By: Luke Currier
In 2009 I attended an event called “Exploration” in Dallas. I didn't really need to be there. Don't misunderstand me it was fantastic but at the same time, I already knew my calling; I've already explored my options for ministry and I already have the list of seminaries that I'd like to attend narrowed down to three or four.
In thinking about 'calling' in my life I realize that I've always been excellent at responding to the "big call" type things in my life, I never fought too hard against my call to ministry, when I was in high school I remember giving away most of my clothes and possessions to thrift stores and emergency shelters because I didn't want to have 'two shirts.' Since then I've moved across the country to help plant a church and then moved again and worked an average of forty hours a week at a ten hour a week youth ministry job. I don't say this to brag - it's to say that although I'm good about wanting to do ministry I struggle at the daily things.
I'm the kind of guy who forgets to eat in the morning if he brushes his teeth. I have a very narrow range of focus and because of that I often miss the real ministry opportunities while in the process of trying to do ministry.
I'm beginning to understand that most times real ministry happens in daily life, bumming my last cigarette to a homeless person, keeping my eyes open for hitchhikers as I drive. Sometimes it's doing the dishes even if it's one of my roommate's days. Sometimes real ministry is more about tipping a waitress well than it is about preaching behind a pulpit.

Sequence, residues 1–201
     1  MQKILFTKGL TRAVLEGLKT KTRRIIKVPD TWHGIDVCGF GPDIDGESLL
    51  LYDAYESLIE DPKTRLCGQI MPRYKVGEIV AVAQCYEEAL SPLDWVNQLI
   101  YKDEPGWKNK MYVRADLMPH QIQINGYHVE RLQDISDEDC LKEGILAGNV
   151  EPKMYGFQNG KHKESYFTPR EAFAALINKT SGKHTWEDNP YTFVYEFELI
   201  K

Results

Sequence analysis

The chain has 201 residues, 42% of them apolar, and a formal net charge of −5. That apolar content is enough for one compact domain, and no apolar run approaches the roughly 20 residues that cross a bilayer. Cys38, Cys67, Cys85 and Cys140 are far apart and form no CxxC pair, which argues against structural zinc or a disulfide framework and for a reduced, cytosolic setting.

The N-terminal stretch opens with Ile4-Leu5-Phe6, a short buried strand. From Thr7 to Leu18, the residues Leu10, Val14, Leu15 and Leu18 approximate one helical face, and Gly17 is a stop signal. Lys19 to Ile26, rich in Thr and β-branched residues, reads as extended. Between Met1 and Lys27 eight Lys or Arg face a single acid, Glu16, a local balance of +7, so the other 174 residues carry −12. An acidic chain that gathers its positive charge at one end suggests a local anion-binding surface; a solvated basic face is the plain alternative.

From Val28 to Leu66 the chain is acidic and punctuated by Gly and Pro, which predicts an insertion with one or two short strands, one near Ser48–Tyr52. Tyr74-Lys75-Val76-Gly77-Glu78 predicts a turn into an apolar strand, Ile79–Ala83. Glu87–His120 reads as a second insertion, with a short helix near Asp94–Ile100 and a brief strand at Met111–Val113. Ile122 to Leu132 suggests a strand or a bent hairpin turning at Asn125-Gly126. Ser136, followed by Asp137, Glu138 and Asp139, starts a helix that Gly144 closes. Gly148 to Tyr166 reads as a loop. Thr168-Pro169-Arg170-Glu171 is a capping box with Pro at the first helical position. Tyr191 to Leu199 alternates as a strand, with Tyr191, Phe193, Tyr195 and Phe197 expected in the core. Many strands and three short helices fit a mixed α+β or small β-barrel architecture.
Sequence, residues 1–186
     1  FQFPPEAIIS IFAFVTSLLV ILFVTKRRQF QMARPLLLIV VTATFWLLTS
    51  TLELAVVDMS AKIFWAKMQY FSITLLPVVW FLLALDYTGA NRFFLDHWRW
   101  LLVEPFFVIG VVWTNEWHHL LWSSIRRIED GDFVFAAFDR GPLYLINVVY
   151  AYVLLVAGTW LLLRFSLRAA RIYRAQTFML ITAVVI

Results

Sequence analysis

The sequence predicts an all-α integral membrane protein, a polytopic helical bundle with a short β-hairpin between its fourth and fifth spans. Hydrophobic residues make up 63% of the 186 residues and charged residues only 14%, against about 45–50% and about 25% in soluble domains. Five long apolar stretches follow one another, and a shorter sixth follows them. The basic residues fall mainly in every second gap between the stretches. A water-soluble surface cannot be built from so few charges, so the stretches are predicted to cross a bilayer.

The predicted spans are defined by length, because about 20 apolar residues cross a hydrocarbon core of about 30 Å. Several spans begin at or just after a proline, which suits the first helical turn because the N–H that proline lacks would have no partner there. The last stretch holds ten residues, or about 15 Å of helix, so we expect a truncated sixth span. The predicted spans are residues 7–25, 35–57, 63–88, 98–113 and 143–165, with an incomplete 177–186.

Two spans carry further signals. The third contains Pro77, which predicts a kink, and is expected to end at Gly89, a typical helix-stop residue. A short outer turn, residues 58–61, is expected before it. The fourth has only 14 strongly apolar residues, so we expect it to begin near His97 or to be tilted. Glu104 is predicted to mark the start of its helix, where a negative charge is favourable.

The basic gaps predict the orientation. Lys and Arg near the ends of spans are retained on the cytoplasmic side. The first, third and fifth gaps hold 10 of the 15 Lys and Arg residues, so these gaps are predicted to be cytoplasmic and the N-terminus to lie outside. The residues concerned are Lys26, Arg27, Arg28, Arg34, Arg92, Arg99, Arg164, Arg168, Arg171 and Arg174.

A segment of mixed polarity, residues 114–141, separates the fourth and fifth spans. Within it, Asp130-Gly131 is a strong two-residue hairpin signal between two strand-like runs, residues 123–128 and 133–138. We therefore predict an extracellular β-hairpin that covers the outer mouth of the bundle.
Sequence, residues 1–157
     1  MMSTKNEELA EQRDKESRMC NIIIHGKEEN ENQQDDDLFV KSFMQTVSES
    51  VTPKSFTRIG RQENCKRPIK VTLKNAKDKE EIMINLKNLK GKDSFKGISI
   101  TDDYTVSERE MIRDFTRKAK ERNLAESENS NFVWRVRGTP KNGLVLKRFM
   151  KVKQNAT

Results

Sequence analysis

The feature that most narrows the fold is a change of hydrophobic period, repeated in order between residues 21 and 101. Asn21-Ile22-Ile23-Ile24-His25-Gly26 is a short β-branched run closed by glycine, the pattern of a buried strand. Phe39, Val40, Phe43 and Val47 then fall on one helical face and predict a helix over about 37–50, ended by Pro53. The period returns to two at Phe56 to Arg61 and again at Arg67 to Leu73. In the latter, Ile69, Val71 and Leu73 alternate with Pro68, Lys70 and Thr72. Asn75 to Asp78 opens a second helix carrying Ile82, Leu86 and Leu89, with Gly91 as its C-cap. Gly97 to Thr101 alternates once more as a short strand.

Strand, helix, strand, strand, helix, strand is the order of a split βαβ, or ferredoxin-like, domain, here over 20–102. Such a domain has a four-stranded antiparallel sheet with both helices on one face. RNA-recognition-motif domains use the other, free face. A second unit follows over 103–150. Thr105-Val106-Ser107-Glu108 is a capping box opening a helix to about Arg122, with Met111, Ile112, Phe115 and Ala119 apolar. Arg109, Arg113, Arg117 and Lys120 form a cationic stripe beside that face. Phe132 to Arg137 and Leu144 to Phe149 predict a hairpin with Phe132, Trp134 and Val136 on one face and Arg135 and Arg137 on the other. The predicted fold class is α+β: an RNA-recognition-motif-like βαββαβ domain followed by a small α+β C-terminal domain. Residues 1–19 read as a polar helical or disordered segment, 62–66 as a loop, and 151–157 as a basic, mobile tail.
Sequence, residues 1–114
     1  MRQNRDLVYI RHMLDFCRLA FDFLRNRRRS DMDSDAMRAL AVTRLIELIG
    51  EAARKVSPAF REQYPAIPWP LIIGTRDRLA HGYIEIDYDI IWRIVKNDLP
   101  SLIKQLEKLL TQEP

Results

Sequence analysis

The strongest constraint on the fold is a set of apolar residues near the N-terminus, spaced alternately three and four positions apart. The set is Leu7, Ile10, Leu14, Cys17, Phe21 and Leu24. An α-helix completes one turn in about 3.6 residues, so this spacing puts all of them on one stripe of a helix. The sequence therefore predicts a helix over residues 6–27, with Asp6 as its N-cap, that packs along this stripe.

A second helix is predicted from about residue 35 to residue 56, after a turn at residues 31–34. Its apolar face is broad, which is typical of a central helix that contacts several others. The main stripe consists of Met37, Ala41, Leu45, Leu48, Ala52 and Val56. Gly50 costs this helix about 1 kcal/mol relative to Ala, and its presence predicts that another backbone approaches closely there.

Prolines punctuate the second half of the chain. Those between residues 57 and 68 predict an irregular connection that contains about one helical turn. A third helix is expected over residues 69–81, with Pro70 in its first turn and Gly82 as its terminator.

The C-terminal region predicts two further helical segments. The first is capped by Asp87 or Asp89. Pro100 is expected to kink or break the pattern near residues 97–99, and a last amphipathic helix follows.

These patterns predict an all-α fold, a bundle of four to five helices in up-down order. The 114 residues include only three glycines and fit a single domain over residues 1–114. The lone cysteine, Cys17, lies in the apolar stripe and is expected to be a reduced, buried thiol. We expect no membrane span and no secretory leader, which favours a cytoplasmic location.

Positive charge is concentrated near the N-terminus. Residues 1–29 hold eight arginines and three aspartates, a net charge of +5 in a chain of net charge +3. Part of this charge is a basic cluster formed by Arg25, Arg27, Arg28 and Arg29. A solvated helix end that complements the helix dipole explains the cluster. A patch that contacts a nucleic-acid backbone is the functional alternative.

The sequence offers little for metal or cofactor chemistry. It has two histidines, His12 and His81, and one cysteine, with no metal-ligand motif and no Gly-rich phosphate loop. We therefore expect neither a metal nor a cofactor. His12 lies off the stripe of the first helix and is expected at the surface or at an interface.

In other words I'm bad at living daily some of the basics of the Christian life, and maybe just life in general, which I think is a common occurrence in our society. We all have examples of friends whose parents work so hard to provide luxury and opportunities for their children that they miss their entire childhood. I think that this is especially true for people in ministry. We work really hard to create a beautiful and moving foot washing service all week and in the process forget to spend time with our friends, ourselves, our families and even God.
This ignoring of the basics is a terrible thing. It creates empty lives filling pews on a Sunday morning because, while it might be modeled by those in leadership, it is an epidemic that has swept through the entire Christian community. We forget that life itself is a divine calling if we let it be, God can be as present in a dead end retail job as in a church building. A calling can be a calling to a certain trade, an art form, even to love. We must allow God room within our movements to work the divine will of love.
If we look at the example of Jesus given in the gospels, the most powerful moments of his ministry were not when speaking to large crowds of people, they didn't occur because of some exciting miracle, but were rather in the quiet, intimate moments with his friends and followers.
The bottom line is that Christ was not just a powerful example in public ministries but he was God incarnate in his daily life, in every occurrence. How do we allow Christ to be incarnate in our daily lives and beings? It has to go beyond 'What would Jesus do?' to 'How would my life change if Christ was fully present in just one atom of my being, in just one occurrence in the span of my life?' I'm positive that if that could happen it would spread like a holy wildfire through every fiber of our beings. What would that look like for You? Now go and live that.
See more devotions from Luke and our other Young Adult writers, or find our how you can become a writer yourself at our By Young Adults for Young Adults devotion page.